Ground work

So now we've completed our four-week CFI training kickoff. I have a much better idea of what I need to do. One of the materials is a week-by-week study and practice plan; I think it goes for 36 weeks. There's a lot to study in the Fundamentals of Instruction area, but it's starting to make more sense to me. I have some good materials to work with... I'll list them in a future post.

Our club is going to run a 6-week ground school for students working on their Private cert. The chief CFI wants each of the four CFI students to teach some of it, which will be a great opportunity to work on lesson plans etc. As luck would have it, I'm scheduled for the first week, which is two weeks from now. I will do a half hour each on Preflight Inspections and Weight & Balance. So I've already started on a lesson plan for the W&B, and that's going prety well.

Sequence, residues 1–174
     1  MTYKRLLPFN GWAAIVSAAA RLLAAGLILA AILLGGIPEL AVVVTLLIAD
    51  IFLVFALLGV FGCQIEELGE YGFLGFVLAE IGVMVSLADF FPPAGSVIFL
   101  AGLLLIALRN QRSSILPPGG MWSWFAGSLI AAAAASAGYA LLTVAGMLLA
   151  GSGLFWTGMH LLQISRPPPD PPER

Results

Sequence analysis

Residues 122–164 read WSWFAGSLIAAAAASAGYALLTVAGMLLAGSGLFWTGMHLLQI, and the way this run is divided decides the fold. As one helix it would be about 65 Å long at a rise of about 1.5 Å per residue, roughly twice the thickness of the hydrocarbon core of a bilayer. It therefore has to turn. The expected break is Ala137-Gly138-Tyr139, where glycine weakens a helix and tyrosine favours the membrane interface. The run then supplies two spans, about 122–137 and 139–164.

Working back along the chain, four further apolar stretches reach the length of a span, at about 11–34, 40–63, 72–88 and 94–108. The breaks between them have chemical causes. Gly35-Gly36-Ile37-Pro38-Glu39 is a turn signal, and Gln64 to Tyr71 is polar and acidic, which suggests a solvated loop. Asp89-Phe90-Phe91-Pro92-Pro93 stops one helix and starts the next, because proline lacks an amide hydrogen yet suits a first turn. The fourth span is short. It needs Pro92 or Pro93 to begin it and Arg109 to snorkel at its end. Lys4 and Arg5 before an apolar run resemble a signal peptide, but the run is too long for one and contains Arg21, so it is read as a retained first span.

Coincidentally, I've been working on helping to clear up some questions about the weight and balance for our Grob 103. The Flight Handbook does not give the usual "station" or "arm" information. Instead it provides a general "loading plan" which means you don't need to calculate anything, but it also assumes nothing ever changes with the aircraft. So we're trying to get all the numers to reproduce a standard w&b worksheet. I found the Type Certificate Data Sheet on the FAA web site, and we have recent weight information, so we have nearly everything we need to finish off this little project.

Our chief also wants us to think about our motivations for becoming instructors. I'll post my thoughts some time soon.